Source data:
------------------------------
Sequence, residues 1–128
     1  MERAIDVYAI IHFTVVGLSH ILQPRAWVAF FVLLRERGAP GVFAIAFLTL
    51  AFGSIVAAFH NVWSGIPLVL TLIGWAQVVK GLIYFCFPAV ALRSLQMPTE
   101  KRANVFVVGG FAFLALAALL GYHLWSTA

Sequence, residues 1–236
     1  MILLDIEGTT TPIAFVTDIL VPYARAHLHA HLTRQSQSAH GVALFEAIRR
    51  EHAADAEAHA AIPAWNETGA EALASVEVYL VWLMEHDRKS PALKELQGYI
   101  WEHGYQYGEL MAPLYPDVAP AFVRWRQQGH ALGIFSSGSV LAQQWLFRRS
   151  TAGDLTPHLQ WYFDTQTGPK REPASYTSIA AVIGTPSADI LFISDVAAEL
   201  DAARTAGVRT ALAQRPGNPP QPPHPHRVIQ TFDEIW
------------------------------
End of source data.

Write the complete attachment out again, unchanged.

Sequence, residues 1–128
     1  MERAIDVYAI IHFTVVGLSH ILQPRAWVAF FVLLRERGAP GVFAIAFLTL
    51  AFGSIVAAFH NVWSGIPLVL TLIGWAQVVK GLIYFCFPAV ALRSLQMPTE
   101  KRANVFVVGG FAFLALAALL GYHLWSTA

Sequence, residues 1–236
     1  MILLDIEGTT TPIAFVTDIL VPYARAHLHA HLTRQSQSAH GVALFEAIRR
    51  EHAADAEAHA AIPAWNETGA EALASVEVYL VWLMEHDRKS PALKELQGYI
   101  WEHGYQYGEL MAPLYPDVAP AFVRWRQQGH ALGIFSSGSV LAQQWLFRRS
   151  TAGDLTPHLQ WYFDTQTGPK REPASYTSIA AVIGTPSADI LFISDVAAEL
   201  DAARTAGVRT ALAQRPGNPP QPPHPHRVIQ TFDEIW